Many OEMs, especially this year at CES, have latched onto the connected life concept and have begun to implement portions of virtual personal assistants (VPAs) in vehicles or have made announcements to do so.
IHS Markit Perspective
Personal assistants used to only be for the rich and famous; if you are familiar with the Iron Man movie franchise, you know that Gwyneth Paltrow's character is a personal assistant to Robert Downey Jr’s Tony Stark. Hollywood actors and CEOs are often depicted with personal assistants that jot down notes, put meetings in calendars, remind their boss of upcoming meetings, and make reservations. But like much of yesterday’s technology, the smartphone has replaced everything a personal assistant does. It tells you when you have meetings coming up, when to leave for the meeting or appointment, the best route to take, the level of traffic, and what the weather is like outside. In fact today’s virtual personal assistants take it a step further and predict when you need to order a refill of your K-Cups for your Keurig coffee machine, schedule your annual wellness checkup with your doctor, or who to include in your email for the next meeting.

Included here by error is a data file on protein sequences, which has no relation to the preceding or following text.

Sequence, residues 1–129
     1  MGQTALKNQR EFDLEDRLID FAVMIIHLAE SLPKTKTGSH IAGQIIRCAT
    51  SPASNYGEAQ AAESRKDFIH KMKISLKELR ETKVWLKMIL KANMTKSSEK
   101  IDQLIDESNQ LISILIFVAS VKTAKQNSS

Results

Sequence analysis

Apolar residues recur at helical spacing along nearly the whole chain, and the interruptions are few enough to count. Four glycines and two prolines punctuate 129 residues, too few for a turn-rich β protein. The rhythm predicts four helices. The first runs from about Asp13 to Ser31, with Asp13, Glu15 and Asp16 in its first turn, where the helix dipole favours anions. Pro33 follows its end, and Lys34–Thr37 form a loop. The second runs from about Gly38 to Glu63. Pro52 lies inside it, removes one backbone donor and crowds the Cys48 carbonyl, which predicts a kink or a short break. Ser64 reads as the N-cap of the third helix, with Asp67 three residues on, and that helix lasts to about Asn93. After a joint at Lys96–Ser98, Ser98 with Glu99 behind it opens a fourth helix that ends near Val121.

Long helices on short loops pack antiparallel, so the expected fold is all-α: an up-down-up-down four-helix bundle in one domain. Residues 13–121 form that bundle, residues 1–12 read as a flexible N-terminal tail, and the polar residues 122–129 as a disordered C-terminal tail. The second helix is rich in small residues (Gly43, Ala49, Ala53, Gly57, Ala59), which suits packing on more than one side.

Currently Amazon’s Alexa is probably the best known in the US when it comes to true virtual personal assistants. People sometimes forget though that Apple’s Siri and Google’s Google Assistant are essentially the same thing. Cortana from Microsoft fits into this category too, although is slightly lesser known than the Amazon, Apple, and Google versions. All of these assistants are attempting to make the user’s entire life be connected to the Internet of Things (IoT). IoT is basically a fancy way of saying the connected home, connected thermostat, connected refrigerator, etc. Amazon, Apple, Microsoft, and Google want every part of its consumer’s life to be connected and hope because of that they will rely on their assistant for everything. Of course “everything” means all of the time at- home, work, during errands, or what you would use to get to all of those places…for example: the car.
Of course the connected car is not new in today’s world; however, the connected car linked to the smart house is new. There are several ways a user could use connected services, like asking the smart refrigerator to send the grocery list to the vehicle, so the vehicle can then create a route to the nearest store, pre-order those items, so they are waiting curbside for the driver who simply has to open a door.